In the previous article of the series, I talked about motivation and how it is overrated. You don’t need motivation to achieve your goals. You just need to get started. I also talked about the importance to focus on the right things. You don’t need motivation as long as you work on the things that are important to you. Truly important.
Now let’s look at the arch-enemy of achievement. Distractions. Especially in the 21st century, it seems we are trying very hard to be distracted. Just look at the fast-pace of our lives, the endless stream of information we need to understand, the numerous ways we invent to stay in touch with others. The always-be-connected nature of our lives is not only making us often miserable as we are chasing the ever elusive happiness but also makes it pretty much impossible to focus on what is essential.
Cal Newport in his book Deep Work defines the term “shallow work” as a non-cognitively demanding, logistical-style tasks that can be performed while distracted. It is the type of work that even though might be needed doesn’t create much new value and is easy to replicate.
It is the type of work robots will be doing in the future. It is the type of work you spend most of your time on because it is comfortable. You can do it while being at Facebook. You can do it even when every other minute checking emails. You can do it in a noisy distracting environment of 21st office space.
However, it is not the type of work that leads to fulfillment. It is not the type of work that leads to significant achievements and to you leaving a legacy.
One of the biggest contradiction in modern technology are all the tools focused on improving communication. All the instant messaging tools that allow you to reach out to other individuals in real time to get your answers sound like a gift from heaven. In fact, it is a gift from hell. It acts as constant distraction thus preventing you from focusing and producing stellar work.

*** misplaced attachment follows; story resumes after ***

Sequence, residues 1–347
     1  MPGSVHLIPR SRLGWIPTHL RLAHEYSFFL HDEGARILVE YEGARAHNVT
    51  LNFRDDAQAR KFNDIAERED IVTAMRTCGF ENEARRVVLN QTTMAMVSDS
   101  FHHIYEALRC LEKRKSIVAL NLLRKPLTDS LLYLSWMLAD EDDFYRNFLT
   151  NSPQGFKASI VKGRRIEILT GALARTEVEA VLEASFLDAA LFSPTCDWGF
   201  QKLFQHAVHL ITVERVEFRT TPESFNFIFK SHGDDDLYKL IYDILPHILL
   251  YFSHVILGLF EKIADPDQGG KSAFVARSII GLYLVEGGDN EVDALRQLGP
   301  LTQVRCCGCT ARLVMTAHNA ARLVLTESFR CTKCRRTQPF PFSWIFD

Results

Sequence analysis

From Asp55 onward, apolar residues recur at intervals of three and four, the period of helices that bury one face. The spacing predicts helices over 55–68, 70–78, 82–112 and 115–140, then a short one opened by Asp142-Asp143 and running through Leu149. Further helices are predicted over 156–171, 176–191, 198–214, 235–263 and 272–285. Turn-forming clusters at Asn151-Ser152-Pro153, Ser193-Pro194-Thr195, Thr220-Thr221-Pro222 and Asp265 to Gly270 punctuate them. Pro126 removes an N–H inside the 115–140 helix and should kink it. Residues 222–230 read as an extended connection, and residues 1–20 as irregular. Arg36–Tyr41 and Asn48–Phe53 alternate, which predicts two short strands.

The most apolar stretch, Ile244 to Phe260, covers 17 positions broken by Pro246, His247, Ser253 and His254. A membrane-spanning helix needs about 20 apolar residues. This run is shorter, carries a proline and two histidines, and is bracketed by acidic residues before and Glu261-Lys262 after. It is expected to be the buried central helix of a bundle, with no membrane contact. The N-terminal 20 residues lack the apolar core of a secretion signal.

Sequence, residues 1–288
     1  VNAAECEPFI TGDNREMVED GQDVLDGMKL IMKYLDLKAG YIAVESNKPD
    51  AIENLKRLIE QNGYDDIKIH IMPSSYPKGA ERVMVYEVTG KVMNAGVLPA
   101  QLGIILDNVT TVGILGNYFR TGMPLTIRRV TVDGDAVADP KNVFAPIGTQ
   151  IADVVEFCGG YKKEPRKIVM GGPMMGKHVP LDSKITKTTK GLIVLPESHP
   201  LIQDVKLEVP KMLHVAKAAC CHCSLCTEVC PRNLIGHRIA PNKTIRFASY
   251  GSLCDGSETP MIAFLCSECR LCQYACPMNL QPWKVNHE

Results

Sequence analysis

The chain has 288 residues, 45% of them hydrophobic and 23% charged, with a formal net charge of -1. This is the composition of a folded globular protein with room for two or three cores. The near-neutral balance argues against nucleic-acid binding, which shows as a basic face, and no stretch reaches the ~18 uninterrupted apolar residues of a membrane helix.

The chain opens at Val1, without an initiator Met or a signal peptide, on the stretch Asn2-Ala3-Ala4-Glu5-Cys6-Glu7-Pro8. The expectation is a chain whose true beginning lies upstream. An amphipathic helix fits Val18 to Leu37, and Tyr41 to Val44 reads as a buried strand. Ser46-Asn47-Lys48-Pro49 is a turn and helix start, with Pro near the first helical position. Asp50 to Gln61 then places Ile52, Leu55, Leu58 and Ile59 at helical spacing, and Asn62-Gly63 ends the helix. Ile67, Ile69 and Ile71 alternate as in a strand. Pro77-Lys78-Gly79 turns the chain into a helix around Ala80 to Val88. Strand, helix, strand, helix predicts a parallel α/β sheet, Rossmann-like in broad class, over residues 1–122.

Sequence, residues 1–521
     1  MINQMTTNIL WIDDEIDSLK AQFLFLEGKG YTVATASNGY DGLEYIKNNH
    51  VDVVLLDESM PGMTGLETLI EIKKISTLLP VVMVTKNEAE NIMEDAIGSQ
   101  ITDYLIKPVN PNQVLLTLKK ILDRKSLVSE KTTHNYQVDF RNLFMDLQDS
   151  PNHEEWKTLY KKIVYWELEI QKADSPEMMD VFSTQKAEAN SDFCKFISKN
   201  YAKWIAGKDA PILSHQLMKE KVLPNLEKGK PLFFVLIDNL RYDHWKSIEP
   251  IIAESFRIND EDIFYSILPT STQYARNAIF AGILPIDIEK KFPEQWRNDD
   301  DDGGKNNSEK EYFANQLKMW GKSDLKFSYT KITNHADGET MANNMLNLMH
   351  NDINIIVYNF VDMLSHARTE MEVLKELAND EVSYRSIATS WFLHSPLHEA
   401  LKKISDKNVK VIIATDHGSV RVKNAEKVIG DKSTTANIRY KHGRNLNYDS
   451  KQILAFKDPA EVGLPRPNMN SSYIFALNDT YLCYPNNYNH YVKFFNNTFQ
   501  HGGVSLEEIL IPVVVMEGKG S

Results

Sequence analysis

What is worse it makes you lazy. The more we rely on email and instant communication option the lest we are forced to think ahead. We tend to plan less, predict less, and ultimately, we introduce much more chaos into the workplace and into our lives. If you couldn’t rely on instant responses, you would be forced to be more diligent in your planning.
You need to focus
Eyal Ophir, Clifford Nass, and Anthony D. Wagner published a paper discussing the results of their research into the impact of social media and multitasking on the human brain. It showed that the constant switching between tasks that addiction on social media causes has a profound and lasting effect on the way your brain operates. The brain plasticity is a great thing that can help you become more, but it can also severely inhibit your abilities if you abuse it.
As Clifford Nass points out those of us, who multitask all the time can’t easily distinguish what is relevant and what is not. Their relevancy filter in their head just doesn’t work. They have troubles staying focused even if they want to. Their brain activates many areas that are not relevant to the task at hand, and they are just constantly distracted. The worst thing is that they don’t realize it. It is very similar to addiction.
To survive and even thrive in the knowledge-based economy you need two key abilities. You need to be able to learn and quickly master new skills. And you need to be able to produce work at a high level in terms of quality and speed. With these two skills, you can beat the competition and get rewarded. In fact, this applies to both companies competing on the market with their products, as well as for individuals competing on the job market with their skills and experiences.
Knowledge itself is not enough. You may be the most knowledgeable person, but if you can’t produce, if you don’t deliver results, it is the same as if didn’t have the knowledge at all.
If you can’t focus, you won’t be able to learn as fast as others. If you can’t concentrate, you won’t be able to produce results at speed and with high quality. It is that simple. Focus is the road to success.